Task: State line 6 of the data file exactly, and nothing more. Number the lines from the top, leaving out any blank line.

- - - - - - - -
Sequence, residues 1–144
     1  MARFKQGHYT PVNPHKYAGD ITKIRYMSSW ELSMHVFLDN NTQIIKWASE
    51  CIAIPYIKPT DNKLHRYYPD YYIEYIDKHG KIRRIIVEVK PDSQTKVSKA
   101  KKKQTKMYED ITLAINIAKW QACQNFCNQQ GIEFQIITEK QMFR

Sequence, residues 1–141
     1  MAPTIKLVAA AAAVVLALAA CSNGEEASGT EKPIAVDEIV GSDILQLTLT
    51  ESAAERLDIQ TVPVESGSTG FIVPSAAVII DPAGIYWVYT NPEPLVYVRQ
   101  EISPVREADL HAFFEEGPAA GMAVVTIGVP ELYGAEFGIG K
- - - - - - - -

     1  MAPTIKLVAA AAAVVLALAA CSNGEEASGT EKPIAVDEIV GSDILQLTLT